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Most Recent Customer Reviews
2.0 out of 5 stars This book would be more aptly titled A Tiny Glimmer of Joy and...
Rating: 2.5/5

If you’re at least 35 and pregnant (as I am now), you are dubbed “AMA”—a woman of “advanced maternal age. Read more
Published 15 days ago by I Know What You Should Read
4.0 out of 5 stars Funny, Funny book
Funny, Funny book. I bought it for two daughters and they don't have time yet to read it! I'm LMAO Guess this is a funny book for those of us who've survived parenting.
Published 15 days ago by Bruce Douglas Ahern
5.0 out of 5 stars We loved it!
Our book club LOVED this book. Even if you are not a parent, you will enjoy Senior's research. She doesn't pull any punches or try to "fluff" it with feel good material. Read more
Published 22 days ago by g8rslp01
4.0 out of 5 stars Parenting and Parents.
I love that it looks at the effect of parenting on parents. This is well researched and well written. Felt a little long, but great thoughts.
Published 23 days ago by J & M Valera
5.0 out of 5 stars Five Stars
Published 24 days ago by Shira Schonfeld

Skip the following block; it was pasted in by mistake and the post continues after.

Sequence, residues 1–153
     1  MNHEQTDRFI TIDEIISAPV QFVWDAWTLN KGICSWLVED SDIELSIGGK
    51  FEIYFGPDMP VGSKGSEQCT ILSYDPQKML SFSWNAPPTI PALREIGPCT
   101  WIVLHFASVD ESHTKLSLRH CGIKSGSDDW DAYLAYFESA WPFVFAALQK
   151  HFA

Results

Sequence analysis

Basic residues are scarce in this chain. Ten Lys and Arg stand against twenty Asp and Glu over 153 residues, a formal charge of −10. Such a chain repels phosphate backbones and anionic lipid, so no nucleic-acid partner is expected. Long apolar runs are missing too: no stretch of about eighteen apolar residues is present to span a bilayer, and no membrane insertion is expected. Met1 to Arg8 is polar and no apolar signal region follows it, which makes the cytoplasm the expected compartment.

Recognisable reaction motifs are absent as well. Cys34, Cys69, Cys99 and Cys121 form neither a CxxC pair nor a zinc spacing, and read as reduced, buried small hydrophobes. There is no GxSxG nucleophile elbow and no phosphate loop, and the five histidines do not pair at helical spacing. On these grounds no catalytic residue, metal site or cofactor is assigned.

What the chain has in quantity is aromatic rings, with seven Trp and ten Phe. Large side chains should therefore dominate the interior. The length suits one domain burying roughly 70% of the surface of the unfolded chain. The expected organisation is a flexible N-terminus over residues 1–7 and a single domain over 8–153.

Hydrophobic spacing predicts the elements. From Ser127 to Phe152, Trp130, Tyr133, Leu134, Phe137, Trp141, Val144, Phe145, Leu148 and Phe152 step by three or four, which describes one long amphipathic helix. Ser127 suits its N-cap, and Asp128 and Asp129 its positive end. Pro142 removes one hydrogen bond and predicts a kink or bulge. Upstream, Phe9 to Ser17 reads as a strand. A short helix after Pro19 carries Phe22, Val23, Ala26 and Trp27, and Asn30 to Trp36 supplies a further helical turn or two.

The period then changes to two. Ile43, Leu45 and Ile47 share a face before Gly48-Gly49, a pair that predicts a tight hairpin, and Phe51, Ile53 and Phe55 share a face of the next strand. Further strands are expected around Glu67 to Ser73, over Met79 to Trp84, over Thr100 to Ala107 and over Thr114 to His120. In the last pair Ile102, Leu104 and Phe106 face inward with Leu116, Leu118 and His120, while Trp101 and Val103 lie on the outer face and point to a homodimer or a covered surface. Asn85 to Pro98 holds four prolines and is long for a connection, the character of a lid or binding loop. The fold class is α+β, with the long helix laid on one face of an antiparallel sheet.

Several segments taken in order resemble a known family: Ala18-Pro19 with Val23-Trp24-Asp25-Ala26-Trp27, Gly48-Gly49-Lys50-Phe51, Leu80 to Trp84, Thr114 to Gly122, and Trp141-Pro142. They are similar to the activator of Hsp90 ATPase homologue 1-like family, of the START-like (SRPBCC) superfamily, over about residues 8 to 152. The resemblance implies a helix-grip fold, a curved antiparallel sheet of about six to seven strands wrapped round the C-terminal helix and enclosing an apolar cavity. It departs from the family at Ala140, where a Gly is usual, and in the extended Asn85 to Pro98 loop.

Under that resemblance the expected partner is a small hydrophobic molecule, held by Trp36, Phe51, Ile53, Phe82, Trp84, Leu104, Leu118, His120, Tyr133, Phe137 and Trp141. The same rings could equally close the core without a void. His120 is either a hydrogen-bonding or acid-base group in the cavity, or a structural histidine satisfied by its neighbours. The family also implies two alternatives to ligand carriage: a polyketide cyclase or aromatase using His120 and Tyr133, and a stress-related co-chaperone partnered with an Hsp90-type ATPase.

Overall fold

4.0 out of 5 stars An honest analysis of parenthood
All JOY AND NO FUN is about the effects of children on parents. Jennifer Senior asserts that motherhood can be isolating; mother and child forming a closed loop. Read more
Published 26 days ago by Alter Wiener
1.0 out of 5 stars Please fix Kindle book issues!!!!
Thus looks like an interesting read, but I could not get through the first chapter due to issues with the Kindle book. Read more
Published 1 month ago by A. Young
4.0 out of 5 stars but really good info about life with tweets and teens
More academic than I thought, but really good info about life with tweens and teens.
Published 1 month ago by Sleepy_Jean
2.0 out of 5 stars Two Stars
I found the book a bit depressing!
Published 1 month ago by Maria Wille
5.0 out of 5 stars Five Stars
Published 1 month ago by Maria D Jimenez
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More About the Author

Jennifer Senior is a contributing editor at New York magazine, where she writes profiles and cover stories about politics, social science, and mental health. Her work has been anthologized four times in THE BEST AMERICAN POLITICAL WRITING, and she's been a frequent guest on NPR and numerous television programs, including Charlie Rose, The Chris Matthews Show, Morning Joe, Washington Journal, Anderson Cooper 360, GMA, and Today. All Joy and No Fun: The Paradox of Modern Parenthood is her first book. It spent six weeks on the New York Times Best Seller list, and appeared on the Washington Post, LA Times, Boston Globe, SF Chronicle, and Denver Post Best Seller lists as well. In March of 2014, she spoke both at TED's annual conference (main stage, link's here: and at the Sydney Opera House. She lives in Brooklyn with her husband and her son.